What Is a "Good Death"?
Practical ways to help to ensure a "good death"
Poets, professors, priests, and plain folks all opine about what makes a "good death." In truth, deaths are nearly as unique as the lives that came before them -- shaped by the attitudes, physical conditions, medical treatments, and mix of people involved.
Still, many have pointed to a few common factors that can help a death seem good -- and even inspiring -- as opposed to frightening, sad, or tortuous. By most standards, a good death is one in which a person dies on his own terms, relatively free from pain, in a supported and dignified setting. Other things to consider:
Having affairs in order
Not everyone has the luxury of planning for death. But those who take the time and make the effort to think about their deaths during life and plan for some of the details of their final care and comfort are more apt to retain some control and say-so in their final months and days of life.
Legal specifics of such planning can include taking steps to get affairs in order by:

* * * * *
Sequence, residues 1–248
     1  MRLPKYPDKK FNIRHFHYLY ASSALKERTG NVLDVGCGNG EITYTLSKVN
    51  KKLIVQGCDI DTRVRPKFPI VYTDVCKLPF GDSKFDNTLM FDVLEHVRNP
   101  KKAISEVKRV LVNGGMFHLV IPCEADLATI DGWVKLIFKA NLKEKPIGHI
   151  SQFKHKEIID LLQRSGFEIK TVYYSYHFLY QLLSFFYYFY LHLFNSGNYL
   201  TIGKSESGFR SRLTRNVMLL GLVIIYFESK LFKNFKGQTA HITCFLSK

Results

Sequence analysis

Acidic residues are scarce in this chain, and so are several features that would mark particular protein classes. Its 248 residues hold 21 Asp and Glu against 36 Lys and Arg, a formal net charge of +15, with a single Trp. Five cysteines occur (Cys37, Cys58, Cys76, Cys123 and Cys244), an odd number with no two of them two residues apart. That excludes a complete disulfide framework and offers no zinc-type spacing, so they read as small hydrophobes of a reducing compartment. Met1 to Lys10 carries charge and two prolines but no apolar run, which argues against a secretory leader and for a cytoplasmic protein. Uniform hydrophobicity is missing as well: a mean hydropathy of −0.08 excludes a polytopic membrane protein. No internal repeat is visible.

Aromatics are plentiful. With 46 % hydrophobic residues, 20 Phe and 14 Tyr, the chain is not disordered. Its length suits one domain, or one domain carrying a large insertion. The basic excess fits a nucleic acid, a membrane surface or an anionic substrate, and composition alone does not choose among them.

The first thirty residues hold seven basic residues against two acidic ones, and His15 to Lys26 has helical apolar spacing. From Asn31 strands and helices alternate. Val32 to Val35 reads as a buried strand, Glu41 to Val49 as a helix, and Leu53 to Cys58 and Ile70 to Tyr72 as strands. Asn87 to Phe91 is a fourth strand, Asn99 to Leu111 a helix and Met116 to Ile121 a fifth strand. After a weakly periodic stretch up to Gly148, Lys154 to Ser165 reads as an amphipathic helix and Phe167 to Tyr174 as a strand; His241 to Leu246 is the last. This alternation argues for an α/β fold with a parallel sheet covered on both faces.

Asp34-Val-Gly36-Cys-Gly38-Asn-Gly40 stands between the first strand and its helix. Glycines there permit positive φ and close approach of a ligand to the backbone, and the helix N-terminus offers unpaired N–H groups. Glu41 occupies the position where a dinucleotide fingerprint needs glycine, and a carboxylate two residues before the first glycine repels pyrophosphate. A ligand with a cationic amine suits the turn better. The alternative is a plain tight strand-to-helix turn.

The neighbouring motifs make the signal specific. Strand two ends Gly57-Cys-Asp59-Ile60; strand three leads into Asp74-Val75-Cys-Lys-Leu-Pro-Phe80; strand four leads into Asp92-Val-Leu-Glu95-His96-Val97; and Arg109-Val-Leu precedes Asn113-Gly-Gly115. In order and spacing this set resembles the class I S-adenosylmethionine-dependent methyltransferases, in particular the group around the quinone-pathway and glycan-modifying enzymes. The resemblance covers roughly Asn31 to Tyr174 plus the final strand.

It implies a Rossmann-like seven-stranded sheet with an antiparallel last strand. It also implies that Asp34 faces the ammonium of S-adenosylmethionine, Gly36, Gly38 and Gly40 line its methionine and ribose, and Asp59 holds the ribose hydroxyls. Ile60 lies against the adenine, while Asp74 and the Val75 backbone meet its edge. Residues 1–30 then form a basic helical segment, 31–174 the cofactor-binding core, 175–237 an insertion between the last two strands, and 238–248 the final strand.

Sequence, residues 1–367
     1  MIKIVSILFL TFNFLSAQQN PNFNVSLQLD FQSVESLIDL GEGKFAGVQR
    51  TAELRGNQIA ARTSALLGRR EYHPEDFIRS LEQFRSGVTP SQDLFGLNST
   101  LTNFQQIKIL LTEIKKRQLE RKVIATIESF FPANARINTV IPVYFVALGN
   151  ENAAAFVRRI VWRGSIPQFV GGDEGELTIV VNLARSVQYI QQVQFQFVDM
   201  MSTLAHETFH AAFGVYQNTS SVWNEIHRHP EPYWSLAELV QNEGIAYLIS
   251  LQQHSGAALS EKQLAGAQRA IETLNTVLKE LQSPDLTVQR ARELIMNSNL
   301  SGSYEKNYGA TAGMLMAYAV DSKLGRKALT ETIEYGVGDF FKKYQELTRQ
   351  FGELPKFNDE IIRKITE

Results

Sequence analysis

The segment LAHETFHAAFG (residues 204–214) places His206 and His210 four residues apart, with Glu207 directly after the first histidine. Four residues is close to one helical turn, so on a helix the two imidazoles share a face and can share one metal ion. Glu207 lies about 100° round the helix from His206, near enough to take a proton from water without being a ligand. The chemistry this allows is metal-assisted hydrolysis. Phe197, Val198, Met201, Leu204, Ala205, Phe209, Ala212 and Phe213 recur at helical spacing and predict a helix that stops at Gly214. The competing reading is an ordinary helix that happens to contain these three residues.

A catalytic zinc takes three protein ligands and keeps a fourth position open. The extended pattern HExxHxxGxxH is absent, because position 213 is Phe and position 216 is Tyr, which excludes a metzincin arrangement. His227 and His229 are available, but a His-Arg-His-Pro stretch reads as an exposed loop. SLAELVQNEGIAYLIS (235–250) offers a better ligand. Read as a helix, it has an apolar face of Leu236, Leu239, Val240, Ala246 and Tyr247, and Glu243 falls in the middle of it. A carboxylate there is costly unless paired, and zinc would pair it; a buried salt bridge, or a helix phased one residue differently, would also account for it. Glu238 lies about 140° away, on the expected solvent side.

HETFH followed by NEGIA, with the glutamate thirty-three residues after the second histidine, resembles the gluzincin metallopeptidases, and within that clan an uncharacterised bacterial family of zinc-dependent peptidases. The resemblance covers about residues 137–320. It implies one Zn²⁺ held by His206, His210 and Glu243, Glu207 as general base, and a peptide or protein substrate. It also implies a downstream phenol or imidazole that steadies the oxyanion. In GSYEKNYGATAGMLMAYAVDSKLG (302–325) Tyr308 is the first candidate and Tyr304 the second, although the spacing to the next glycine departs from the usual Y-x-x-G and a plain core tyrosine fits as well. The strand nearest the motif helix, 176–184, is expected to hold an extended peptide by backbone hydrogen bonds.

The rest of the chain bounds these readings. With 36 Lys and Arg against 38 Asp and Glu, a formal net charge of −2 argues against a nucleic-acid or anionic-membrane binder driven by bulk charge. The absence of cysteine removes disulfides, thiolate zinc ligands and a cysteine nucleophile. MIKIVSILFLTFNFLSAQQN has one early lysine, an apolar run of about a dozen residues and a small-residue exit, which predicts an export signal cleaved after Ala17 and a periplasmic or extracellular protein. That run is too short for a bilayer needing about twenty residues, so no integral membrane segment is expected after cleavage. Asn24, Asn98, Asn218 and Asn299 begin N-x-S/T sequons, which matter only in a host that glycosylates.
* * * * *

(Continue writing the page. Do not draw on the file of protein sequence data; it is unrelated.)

Having an estate plan, with a will, trust, or other arrangement that sets out who gets property and how it should be divided.
Specifying final medical care in an advance directive.
Controlling pain and discomfort
Most Americans say they would prefer to die at home, according to recent polls. Yet the reality is that three-quarters of the population dies in some sort of medical institution, many of them after spending time in an intensive care unit.
As life expectancies increase, more people are becoming proactive. A growing number of aging patients are choosing not to have life-prolonging treatments that might ultimately increase pain and suffering -- such as invasive surgery or dialysis -- and deciding instead to have comfort or palliative care through hospice in their final days.